2:00pm - 2:15pm

Proximal to distal grain-size distribution of basin-floor lobes: A study from the Battfjellet Formation, Central Tertiary Basin, Svalbard

Yvonne T. Spychala1, Thymen A.B. Ramaaker2, Joris T. Eggenhuisen2, Sten-Andreas Grundvåg3, Florian Pohl4, Sara Wroblewska5

1Institut für Geologie, Leibniz Universität Hannover, Germany; 2Department of Earth Science, Utrecht University, 3584 CB, Utrecht, Netherlands; 3Department of Geosciences, UiT – The Arctic University of Norway, PO Box 6050 Langnes, N-9037 Tromsø, Norway; 4Durham University, Department of Earth Sciences, Stockton Road, Durham DH1 3LE, UK; 5Faculty of Geology, University of Warsaw, Żwirki i Wigury 93, 02-089 Warsaw, Poland

The grain-size distribution of sediment particles is an important aspect of the architecture of submarine fans and lobes. It governs depositional sand quality, and reflects distribution of particulate organic carbon and pollutants. Documenting the grain-size distribution of these deep-marine sedimentary bodies can also offer us an insight in the flows that deposited them. Submarine lobes are commonly assumed to linearly fine from an apex, meaning there should be a proportional relation between grain size and distance from the lobe apex. However, not much detailed quantitative work has been done to test this hypothesis. Exposure of a 5 km long dip-section of basin-floor lobes in Clinoform 12, Battfjellet Formation, Spitsbergen, enable the study of basinward grain-size evolution in lobe deposits. Furthermore, the dataset allows testing if there are any documentable grain-size differences between lobe sub-environments.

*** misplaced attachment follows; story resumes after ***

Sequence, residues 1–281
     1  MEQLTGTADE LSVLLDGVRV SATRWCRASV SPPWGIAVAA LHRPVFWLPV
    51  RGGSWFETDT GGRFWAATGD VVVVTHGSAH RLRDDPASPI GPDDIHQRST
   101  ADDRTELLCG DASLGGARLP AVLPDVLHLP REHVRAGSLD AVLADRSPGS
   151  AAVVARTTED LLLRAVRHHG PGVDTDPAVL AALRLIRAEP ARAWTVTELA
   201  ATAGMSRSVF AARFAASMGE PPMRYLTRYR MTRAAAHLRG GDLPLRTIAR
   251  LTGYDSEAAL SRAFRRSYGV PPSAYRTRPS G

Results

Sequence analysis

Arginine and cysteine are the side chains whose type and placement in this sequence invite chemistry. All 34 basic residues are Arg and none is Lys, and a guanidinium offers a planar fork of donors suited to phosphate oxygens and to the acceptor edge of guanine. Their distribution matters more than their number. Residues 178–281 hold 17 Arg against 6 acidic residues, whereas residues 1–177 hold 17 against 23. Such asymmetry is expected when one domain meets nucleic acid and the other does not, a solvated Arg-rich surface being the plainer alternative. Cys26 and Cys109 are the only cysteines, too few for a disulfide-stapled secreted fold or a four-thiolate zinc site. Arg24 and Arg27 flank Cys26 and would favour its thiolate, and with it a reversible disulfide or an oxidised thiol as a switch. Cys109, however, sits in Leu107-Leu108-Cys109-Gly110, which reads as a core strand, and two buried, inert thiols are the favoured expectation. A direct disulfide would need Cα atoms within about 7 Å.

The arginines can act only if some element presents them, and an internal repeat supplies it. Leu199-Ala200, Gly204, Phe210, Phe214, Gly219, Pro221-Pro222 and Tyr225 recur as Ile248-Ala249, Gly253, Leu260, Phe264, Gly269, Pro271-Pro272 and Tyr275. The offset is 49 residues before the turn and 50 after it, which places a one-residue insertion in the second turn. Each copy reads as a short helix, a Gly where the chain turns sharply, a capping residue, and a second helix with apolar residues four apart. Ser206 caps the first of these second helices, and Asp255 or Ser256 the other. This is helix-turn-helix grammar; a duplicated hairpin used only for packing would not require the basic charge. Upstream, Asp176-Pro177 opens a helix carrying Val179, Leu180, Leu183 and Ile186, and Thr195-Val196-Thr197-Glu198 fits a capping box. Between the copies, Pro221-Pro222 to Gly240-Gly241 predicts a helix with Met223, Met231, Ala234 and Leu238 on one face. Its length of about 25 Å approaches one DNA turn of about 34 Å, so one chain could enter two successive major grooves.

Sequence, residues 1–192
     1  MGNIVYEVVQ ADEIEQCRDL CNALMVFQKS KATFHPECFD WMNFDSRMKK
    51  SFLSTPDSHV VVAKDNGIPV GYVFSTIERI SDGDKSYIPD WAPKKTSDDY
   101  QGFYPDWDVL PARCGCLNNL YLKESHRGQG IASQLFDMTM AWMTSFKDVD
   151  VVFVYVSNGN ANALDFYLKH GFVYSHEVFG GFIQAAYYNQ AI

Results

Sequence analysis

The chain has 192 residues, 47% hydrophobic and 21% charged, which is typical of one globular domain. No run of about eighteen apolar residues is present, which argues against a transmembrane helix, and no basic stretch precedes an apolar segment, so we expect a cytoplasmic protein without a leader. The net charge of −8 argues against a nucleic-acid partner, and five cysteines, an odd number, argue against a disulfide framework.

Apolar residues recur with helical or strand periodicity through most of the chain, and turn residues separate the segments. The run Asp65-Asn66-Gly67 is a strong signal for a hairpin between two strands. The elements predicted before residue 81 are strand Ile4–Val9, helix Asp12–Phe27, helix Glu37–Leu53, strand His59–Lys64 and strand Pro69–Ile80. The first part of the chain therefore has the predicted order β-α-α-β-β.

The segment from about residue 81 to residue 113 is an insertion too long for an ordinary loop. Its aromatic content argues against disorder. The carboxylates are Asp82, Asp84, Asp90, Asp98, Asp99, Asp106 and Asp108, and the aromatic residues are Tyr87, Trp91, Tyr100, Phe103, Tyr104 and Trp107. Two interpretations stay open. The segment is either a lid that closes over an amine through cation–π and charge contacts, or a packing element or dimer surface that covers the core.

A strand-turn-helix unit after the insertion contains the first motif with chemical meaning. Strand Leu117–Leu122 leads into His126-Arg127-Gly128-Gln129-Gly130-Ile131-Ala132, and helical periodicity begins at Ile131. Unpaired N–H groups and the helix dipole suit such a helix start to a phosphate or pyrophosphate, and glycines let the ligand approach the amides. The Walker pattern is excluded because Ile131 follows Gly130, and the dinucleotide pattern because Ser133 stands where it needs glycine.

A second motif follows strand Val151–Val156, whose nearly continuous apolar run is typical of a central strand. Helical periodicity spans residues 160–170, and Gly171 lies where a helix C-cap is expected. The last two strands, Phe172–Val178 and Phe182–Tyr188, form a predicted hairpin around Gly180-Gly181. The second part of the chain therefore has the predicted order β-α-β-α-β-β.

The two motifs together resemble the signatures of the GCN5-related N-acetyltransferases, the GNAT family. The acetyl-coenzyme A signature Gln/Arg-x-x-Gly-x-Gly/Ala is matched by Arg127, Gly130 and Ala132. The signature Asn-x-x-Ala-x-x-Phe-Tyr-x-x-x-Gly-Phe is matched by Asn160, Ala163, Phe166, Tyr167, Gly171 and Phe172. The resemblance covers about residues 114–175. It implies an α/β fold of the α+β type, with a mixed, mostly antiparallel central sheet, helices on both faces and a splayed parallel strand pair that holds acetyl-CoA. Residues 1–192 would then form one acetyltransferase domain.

The results show that fining of lobe deposits occurs predominantly in the most proximal and most distal parts of the lobe, while the intermediate lobe, which is dominated by lobe off-axis deposits, is characterized by a relatively consistent grain-size range. Lobe sub-environments show statistically distinct grain-size distributions from lobe axis to lobe fringe. An explanation for these trends is the interplay of capacity and competence-driven deposition with the grain-size stratification of the flows.

The outcomes of this study help to better understand the proximal to distal evolution of turbidity currents and their depositional patterns. They also provide important insights in reservoir potential of basin-floor fans at lobe scale.

2:15pm - 2:30pm

Automated heavy mineral analysis of silt-sized sediment by artificial-intelligence guided Raman Spectroscopy

Nils Keno Lünsdorf1, Jan Ontje Lünsdorf3, Gábor Újvári2, Hilmar von Eynatten1

1Georg-August-Universität Göttingen, Department of Sedimentology and Environmental Geology, Göttingen, Germany; 2Institute for Geological and Geochemical Research, Research Centre for Astronomy and Earth Sciences, Budapest, Hungary; 3Insterburger Straße 2, 26127, Oldenburg

Compositional data on heavy minerals is fundamental in sedimentary provenance analysis. Typically, this data is gathered by optical microscopy and more recently, by mineral chemical analysis (MLA, QEMSCAN) or Raman micro-spectroscopy. In silt-sized sediments optical microscopy is unfeasible. We introduce a systematic and highly efficient approach to assess the heavy mineral composition in fine grain-size fractions (10-30 µm and 30-62 µm) by Raman micro-spectroscopy.